His brother Kamdem, who was in Bangladesh when Moussa was released on bail, has reported that his brother remains under close police surveillance and it is likely that the police are looking for a pretext to re-arrest him. The French embassy maintains that it is still working on his case and he has consular protection.
Update on 12 April:
After more than 3 months of investigations and following further delays after Moussa’s release on bail, on 12 April, Bangladeshi police finally released their report into his alleged offences. He has been charged with the sole offence of identity fraud for having documents in the name of ‘Moussa’, the name he has used since his conversion to Islam several years ago, rather than the name on his birth certificate, ‘Maxime Puemo.’
The French consulate in Bangladesh had already provided the authorities with ample evidence, in writing, and confirmed that Moussa is indeed a French citizen and the person he claims to be. A trial has been set for this charge to be heard in one month’s time.
Update on 24 July:
Following further delays to the hearing, at a hearing held on Sunday 24 July the case against Moussa was dismissed due to a lack of substantive and hard evidence against him. After 215 days detained in Bangladesh (7 months and 2 days), he is finally free to return home to France with all the charges against him dropped. In a video posted online, he thanked his supporters and everyone who worked for his release.
Moussa used his time in Bangladesh on bail to set up a charity called Bani Street to help street children in Bangladesh and further afield. It has been operating successfully for over one month.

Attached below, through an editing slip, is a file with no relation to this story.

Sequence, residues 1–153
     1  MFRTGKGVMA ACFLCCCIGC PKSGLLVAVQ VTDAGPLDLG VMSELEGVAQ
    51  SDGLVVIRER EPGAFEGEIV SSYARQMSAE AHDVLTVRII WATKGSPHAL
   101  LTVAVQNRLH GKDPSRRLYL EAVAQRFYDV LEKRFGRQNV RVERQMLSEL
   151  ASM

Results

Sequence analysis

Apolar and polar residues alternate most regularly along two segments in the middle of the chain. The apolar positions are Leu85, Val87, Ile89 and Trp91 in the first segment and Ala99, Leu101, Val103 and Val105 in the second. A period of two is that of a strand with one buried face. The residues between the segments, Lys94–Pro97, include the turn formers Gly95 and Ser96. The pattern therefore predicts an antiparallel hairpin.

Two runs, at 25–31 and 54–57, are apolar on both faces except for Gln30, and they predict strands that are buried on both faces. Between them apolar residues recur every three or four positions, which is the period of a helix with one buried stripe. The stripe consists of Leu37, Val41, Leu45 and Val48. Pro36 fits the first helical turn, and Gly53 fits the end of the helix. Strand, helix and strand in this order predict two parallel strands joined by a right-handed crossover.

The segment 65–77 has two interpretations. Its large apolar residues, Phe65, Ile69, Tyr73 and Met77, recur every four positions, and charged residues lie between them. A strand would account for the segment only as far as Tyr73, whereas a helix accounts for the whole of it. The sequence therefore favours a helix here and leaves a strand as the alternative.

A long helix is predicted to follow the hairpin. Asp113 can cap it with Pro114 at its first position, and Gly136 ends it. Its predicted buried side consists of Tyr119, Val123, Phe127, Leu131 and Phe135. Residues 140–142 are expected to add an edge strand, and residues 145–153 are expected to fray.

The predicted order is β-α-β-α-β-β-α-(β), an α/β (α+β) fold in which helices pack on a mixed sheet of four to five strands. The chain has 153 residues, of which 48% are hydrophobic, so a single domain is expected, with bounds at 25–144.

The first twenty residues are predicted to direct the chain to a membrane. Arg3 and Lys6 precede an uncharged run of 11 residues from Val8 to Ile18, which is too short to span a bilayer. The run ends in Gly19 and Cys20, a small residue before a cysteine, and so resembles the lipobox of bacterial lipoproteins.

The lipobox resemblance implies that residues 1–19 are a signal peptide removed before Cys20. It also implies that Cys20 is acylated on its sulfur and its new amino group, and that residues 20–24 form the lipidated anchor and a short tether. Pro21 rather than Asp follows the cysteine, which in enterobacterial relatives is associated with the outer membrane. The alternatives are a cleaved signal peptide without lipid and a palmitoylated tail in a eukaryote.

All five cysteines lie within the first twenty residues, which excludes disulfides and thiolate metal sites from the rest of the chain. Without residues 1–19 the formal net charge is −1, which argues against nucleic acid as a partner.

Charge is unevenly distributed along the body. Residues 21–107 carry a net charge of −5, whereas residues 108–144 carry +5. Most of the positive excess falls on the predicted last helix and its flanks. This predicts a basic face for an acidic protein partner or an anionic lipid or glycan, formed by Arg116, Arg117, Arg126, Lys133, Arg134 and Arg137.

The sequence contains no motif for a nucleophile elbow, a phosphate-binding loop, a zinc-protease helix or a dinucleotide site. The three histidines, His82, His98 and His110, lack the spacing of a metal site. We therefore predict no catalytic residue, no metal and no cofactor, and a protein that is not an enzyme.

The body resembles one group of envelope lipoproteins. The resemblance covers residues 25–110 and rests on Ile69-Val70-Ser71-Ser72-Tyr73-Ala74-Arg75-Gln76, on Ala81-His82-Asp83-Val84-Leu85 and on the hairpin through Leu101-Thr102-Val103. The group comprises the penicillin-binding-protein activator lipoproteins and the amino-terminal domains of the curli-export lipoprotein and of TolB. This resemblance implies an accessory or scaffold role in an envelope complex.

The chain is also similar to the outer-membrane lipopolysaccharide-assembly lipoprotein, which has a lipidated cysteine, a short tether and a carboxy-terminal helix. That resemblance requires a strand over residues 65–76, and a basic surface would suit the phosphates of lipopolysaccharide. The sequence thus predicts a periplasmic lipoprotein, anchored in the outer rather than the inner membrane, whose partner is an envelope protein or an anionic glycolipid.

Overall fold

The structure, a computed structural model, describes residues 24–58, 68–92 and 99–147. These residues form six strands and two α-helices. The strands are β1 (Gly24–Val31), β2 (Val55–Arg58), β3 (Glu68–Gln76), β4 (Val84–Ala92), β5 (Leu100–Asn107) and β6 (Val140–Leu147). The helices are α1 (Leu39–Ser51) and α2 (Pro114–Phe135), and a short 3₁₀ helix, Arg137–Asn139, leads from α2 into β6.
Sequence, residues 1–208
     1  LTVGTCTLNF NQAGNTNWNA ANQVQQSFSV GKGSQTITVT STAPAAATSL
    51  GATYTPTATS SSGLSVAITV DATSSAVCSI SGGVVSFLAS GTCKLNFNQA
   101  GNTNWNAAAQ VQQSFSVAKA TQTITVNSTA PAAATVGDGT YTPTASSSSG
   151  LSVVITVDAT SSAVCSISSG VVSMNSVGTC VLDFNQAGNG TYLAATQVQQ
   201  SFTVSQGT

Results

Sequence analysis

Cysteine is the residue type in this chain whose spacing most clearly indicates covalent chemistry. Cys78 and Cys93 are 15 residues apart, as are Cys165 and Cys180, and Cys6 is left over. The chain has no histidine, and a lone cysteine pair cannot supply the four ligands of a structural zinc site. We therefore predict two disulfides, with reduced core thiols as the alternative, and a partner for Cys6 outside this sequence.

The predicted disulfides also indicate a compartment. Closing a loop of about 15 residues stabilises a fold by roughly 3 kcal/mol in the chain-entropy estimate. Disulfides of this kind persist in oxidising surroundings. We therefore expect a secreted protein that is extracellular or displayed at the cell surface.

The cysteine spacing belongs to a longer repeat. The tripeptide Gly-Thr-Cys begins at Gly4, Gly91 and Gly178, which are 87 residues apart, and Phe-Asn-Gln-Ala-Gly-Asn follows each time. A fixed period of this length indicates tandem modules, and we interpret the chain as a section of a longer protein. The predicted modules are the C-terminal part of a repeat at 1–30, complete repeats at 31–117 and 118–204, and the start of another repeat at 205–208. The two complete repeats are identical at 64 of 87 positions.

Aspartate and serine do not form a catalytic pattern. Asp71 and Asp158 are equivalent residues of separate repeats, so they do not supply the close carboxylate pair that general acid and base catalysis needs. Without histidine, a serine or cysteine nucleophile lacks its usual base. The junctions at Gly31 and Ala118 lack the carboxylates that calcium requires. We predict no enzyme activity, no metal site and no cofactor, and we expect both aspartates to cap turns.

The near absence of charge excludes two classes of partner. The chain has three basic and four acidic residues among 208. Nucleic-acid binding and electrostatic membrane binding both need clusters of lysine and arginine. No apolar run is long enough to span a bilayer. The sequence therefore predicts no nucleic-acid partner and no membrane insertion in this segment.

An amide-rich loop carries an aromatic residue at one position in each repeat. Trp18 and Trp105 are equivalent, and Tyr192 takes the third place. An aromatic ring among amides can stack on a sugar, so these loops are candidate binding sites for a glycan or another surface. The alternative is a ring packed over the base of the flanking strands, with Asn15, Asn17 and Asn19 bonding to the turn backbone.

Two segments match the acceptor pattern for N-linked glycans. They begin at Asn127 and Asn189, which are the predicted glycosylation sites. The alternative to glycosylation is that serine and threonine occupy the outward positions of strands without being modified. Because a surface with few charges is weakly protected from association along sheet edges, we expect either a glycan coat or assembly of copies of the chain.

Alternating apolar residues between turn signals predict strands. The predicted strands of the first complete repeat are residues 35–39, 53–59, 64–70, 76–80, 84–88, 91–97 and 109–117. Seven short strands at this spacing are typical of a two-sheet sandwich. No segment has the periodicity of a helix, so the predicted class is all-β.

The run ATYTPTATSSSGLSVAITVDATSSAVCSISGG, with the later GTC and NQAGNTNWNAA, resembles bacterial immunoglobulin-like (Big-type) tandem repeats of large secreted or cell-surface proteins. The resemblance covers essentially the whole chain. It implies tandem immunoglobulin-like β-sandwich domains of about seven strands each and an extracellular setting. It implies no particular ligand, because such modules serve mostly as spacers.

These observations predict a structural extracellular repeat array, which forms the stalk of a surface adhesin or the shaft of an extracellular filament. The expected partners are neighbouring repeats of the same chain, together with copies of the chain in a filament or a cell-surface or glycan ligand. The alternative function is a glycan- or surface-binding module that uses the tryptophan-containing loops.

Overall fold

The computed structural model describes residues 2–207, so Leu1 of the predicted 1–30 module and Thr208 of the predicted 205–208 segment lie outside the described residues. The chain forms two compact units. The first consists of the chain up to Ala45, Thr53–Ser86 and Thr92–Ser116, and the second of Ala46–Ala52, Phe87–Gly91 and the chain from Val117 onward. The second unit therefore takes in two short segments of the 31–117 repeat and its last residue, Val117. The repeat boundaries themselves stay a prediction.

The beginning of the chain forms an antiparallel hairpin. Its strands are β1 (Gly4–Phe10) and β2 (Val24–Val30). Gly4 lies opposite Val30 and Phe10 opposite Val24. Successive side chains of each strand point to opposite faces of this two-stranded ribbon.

Take action for Moussa:
Sign the petition (more than 100,000 people have signed in two days):
http://www.barakacity.com/freemoussa/petition.php enter your surname (NOM), first name(s) (PRENOM), e-mail address and country (Royaume_Uni = UK/ Etats_Unis = USA)
As of 28 December, Baraka City is asking people to contact the Bangladeshi embassy in their country. Please contact the Bangladeshi embassy in your country (details for UK/USA below) and them to release Moussa immediately and unconditionally as he has not committed a crime by helping the Rohingya. Please inform firstname.lastname@example.org of the response you get.
Prime Minister Sheikh Hasina
Prime Minister’s Office
Old Sangshad Bhaban, Tejgaon, Dhaka 1215, Bangladesh
Fax: +880 2 9133722
Salutation: Dear Prime Minister
Ministry of Home Affairs
Bangladesh Secretariat, Building 8 (1st & 3rd Floor), Dhaka, Bangladesh
Fax: +880 2 9573711
Salutation: Dear Minister
Also send copies to (UK):
High Commissioner H.E Mr. Md. Abdul Hannan,
Bangladesh High Commission, 28 Queen’s Gate, London SW7 5JA
Phone: 020 7584 0081 | Email: email@example.com
Ambassador Mohammad Ziauddin, Embassy of Bangladesh
3510 International Drive NW, Washington DC 20008
Fax: 202 244 2771 OR 202 244 7830 I Phone: 202 244 0183 I Email: firstname.lastname@example.org
The author is not affiliated to Baraka City and is not representative of the NGO.